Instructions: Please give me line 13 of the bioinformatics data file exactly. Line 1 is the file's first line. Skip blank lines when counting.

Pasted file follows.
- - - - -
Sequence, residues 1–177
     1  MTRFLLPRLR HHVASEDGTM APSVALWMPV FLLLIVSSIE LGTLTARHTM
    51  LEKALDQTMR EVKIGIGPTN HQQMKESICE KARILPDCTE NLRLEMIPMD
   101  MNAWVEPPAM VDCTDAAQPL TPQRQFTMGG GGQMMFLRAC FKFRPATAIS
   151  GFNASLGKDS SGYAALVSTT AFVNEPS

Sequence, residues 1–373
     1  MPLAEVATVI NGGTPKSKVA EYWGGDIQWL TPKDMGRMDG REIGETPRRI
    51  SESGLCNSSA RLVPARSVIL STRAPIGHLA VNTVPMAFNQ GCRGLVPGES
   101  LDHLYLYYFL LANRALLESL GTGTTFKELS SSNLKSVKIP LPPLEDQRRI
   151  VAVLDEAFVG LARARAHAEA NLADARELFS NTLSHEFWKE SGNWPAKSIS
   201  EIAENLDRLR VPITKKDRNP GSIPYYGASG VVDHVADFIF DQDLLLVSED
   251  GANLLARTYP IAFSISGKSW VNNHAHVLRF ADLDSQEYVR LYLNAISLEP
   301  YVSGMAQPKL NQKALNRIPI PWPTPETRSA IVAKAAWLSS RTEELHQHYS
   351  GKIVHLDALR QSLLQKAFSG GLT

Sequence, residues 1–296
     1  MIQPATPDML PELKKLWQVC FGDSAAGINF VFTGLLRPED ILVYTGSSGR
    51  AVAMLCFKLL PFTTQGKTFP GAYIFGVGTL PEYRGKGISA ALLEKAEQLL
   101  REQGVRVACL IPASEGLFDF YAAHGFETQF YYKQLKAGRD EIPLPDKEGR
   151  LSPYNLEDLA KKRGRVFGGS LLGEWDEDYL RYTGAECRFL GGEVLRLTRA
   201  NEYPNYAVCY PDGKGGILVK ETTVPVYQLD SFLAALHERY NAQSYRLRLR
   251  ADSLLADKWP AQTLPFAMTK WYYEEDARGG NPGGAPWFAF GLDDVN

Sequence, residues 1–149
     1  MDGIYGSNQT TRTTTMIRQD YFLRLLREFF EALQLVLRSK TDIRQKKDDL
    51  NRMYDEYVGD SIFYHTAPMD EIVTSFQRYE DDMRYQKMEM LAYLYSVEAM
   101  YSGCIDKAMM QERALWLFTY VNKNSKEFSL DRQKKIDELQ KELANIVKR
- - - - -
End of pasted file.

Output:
   301  YVSGMAQPKL NQKALNRIPI PWPTPETRSA IVAKAAWLSS RTEELHQHYS